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Components of open source virtualization usually includes, hypervisor and tools for management and optimization.
An example of Xen is illiustrated as
The basic components of a Xen-based virtualization environment are the Xen hypervisor, the Domain0, any number of other VM Guests, and the tools, commands, and configuration files that let you manage virtualization. Collectively, the physical computer running all these components is referred to as a VM Host Server because together these components form a platform for hosting virtual machines.
The Xen hypervisor, sometimes referred to generically as a virtual machine monitor, is an open-source software program that coordinates the low-level interaction between virtual machines and physical hardware.
The virtual machine host environment, also referred to as Domain0 or controlling domain, is comprised of several components, such as:
The SUSE Linux operating system, which gives the administrator a graphical and command line environment to manage the virtual machine host components and its virtual machines.
The term “Domain0” refers to a special domain that provides the management environment. This may be run either in graphical or in command line mode.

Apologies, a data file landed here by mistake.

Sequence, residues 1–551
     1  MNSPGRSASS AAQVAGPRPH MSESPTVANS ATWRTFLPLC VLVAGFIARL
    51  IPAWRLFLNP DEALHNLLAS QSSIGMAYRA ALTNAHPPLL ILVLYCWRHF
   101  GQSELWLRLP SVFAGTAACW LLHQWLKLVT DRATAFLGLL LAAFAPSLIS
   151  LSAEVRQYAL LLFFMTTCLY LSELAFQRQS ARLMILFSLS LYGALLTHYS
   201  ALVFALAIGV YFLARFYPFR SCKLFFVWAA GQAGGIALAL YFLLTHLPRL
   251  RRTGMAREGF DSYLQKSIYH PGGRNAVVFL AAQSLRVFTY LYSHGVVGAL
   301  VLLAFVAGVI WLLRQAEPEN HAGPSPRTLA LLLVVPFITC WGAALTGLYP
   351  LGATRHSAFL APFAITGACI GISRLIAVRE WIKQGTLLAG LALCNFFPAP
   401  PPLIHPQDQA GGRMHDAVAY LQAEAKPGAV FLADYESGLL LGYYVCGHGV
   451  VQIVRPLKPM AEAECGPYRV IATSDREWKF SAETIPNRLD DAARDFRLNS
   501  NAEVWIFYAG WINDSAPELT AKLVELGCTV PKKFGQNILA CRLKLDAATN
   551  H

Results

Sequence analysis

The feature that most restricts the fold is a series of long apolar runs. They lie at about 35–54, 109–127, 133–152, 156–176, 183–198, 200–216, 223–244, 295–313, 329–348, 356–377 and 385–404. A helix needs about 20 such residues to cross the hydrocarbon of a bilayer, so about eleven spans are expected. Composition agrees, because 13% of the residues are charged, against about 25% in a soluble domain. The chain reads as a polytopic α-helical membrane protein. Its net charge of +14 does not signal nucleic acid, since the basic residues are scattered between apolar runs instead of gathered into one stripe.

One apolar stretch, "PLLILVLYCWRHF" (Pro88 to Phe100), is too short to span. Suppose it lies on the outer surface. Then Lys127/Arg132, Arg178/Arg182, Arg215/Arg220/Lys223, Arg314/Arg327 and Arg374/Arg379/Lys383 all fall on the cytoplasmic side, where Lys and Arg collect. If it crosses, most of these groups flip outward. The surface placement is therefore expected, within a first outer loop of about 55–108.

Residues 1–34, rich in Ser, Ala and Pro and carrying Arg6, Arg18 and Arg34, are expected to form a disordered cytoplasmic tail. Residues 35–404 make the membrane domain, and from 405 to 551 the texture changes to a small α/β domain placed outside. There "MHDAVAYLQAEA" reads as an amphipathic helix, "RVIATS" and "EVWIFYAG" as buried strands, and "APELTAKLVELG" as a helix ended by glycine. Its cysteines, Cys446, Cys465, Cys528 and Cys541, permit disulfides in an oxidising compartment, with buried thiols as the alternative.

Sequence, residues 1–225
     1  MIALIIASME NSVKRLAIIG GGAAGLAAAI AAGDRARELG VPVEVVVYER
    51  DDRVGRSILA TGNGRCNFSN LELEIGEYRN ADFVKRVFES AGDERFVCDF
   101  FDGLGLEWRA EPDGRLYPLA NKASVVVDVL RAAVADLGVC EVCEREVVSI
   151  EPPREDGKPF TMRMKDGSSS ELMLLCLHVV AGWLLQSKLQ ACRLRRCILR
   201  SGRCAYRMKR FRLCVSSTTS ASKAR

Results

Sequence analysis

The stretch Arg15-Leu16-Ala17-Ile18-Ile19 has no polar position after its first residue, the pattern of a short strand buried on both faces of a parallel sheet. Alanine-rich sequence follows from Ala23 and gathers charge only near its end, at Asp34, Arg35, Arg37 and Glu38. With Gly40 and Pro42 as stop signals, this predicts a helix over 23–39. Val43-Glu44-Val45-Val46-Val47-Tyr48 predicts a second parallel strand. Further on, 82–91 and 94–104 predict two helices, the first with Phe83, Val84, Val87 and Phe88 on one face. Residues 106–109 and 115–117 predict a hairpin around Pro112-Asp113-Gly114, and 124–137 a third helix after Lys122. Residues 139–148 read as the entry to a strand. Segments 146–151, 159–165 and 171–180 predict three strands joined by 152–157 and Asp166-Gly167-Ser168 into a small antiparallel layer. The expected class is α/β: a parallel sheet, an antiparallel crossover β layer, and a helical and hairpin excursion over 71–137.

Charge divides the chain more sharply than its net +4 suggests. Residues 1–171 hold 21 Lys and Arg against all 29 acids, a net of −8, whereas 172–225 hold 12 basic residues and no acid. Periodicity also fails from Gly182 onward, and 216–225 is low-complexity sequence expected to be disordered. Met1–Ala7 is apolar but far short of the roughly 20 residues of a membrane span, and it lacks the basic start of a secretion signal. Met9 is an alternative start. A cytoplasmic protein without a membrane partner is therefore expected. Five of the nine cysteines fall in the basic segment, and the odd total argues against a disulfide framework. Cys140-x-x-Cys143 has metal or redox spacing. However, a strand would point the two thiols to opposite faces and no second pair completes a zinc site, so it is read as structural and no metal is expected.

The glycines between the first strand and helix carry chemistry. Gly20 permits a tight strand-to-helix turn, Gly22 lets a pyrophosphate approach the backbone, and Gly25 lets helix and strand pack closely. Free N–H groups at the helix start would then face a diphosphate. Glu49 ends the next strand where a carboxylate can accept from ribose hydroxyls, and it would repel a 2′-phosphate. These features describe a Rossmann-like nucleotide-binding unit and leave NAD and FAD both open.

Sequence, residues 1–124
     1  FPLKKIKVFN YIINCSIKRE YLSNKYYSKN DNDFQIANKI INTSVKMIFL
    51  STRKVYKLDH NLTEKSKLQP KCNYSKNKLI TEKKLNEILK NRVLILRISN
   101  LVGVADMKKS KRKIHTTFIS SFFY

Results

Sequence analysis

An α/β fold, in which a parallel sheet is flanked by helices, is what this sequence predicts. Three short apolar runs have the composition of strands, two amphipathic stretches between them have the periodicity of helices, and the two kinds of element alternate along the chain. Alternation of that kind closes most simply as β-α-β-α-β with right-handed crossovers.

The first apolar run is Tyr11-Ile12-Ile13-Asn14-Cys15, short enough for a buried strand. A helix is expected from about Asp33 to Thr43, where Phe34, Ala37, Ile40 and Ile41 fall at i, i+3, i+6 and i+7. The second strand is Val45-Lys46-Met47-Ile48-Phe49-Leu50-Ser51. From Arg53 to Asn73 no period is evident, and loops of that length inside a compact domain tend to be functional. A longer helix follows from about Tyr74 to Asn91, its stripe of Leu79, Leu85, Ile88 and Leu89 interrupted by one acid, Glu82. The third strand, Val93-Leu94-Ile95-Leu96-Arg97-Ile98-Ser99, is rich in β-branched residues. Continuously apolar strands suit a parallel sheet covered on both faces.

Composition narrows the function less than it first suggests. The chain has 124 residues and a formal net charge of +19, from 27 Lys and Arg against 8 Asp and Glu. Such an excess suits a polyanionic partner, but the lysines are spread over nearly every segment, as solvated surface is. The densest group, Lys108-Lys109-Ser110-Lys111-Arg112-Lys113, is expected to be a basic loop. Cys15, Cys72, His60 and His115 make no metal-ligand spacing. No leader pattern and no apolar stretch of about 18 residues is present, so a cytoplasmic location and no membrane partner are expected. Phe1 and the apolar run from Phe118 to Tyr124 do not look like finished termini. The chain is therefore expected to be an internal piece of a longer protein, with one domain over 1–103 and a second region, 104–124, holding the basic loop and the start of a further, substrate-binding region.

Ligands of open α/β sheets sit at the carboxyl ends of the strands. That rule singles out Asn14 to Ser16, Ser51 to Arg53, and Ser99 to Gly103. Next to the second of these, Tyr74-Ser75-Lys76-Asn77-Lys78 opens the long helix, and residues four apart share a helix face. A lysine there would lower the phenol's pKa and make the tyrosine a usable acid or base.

The xend daemon (xend), which stores configuration information about each virtual machine and controls how virtual machines are created and managed.
A modified version of QEMU, which is an open-source software program that emulates a full computer system, including a processor and various peripherals. It provides the ability to host operating systems in full virtualization mode.
A Xen-based virtual machine, also referred to as a VM Guest or DomU consists of the following components:
At least one virtual disk that contains a bootable operating system. The virtual disk can be based on a file, partition, volume, or other type of block device.
Virtual machine configuration information, which can be modified by exporting a text-based configuration file from xend or through Virtual Machine Manager.
A number of network devices, connected to the virtual network provided by the controlling domain.
There is a combination of GUI tools, commands, and configuration files to help you manage and customize your virtualization environment.
The following graphic depicts a virtual machine host with four virtual machines. The Xen hypervisor is shown as running directly on the physical hardware platform. Note, that the controlling domain is also just a virtual machine, although it has several additional management tasks compared to all other virtual machines.
Figure 1.1. Virtualization Architecture¶
On the left, the virtual machine host’s Domain0 is shown running the SUSE Linux operating system. The two virtual machines shown in the middle are running paravirtualized operating systems. The virtual machine on the right shows a fully virtual machine running an unmodified operating system, such as Windows Server 2003 or Windows XP.